• Other significant events, trends, discoveries. This is a catch-all category that can include things like mass migrations of people, the invention or prevalent use of a particular type of technology, or notable weather events.

Finally, I also include rows for each of my stories, just so it’s obvious where they each fit into my timeline.

All told, I have 91 rows in my timeline so far, spanning about 1,000 years of “history”, plus significant events of myth, such as those covered in my mythology of Úr’Dan. Many of these events are focused on a few ethno-cultural groups or time periods that I’ve already put a lot of thought into, so one of my ongoing goals is to add more events and flesh out the histories of all of the peoples of my fantasy universe.

The more historical events you can talk about from your timeline, the more space you have for potential stories.

Steve D

Story Lessons from THE LORD OF THE RINGS, part 2

Creativity Sessions writing process. Evening Satellite Publishing.

After some lackluster reading recently, I am embarking on an epic quest: to reread The Lord of the Rings! I will not be reviewing these stories in a critical sense, because how could I? Instead, I will share some storytelling insights I pick up as I go along.

This will be primarily focused on the books, but I will also reference the films by Peter Jackson to compare the stories as they are told between these two media. See part 1 here.

I finished reading The Fellowship of the Ring over the weekend, and I was eager to jump right into The Two Towers. Instead, I decided to take a couple days and absorb The Fellowship in its own right. So this post is just a collection of thoughts through the rest of that novel.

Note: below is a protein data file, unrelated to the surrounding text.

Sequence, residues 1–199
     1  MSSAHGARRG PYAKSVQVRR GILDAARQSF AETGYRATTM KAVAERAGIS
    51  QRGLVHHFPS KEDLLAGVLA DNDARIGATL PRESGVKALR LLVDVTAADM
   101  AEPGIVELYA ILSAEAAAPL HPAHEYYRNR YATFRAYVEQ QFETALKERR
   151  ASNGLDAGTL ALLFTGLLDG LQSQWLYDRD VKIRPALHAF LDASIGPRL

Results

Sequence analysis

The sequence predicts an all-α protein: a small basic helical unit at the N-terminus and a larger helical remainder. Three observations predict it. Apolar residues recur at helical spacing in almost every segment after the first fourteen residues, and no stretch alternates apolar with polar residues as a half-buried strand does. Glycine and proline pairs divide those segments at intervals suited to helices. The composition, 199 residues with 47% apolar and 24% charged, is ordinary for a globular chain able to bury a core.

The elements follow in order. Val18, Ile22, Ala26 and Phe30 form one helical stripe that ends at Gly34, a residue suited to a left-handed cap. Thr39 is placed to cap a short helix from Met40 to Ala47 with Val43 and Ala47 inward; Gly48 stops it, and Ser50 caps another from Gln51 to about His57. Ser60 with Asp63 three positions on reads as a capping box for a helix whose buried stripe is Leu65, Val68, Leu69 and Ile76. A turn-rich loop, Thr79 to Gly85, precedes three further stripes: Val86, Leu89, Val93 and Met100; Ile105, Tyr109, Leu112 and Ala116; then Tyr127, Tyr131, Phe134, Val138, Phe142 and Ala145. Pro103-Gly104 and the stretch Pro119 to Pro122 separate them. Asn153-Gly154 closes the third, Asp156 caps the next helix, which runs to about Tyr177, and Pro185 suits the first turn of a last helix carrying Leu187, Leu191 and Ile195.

Description

This one may seem kind of obvious to anyone who has read or heard anything about Tolkien’s world. If nothing else, he is known for world-building. His intricate description of the land through which his characters travel provides a vivid image in the reader’s mind and sets the scene for every interaction with the characters.

Has this imagery been informed in my mind by the stunning New Zealand landscapes used in the filming of The Lord of the Rings? Definitely. But Tolkien’s descriptions also serve the story.

In Book II, Chapters 3 and 6 — “The Ring Goes South” and “Lothlorien”, respectively — the Company first try to pass over the mountain of Caradhras, and then manage to pass under it. As they approach the mountain from the west, hope to traverse its high pass, the peak glares at them red-stained in the morning sunlight, a warning of the peril they are about to face. The mountain defeats them with a mighty snowstorm and rockslide that only seems to occur on the narrowest spot of the pass as they try to cross.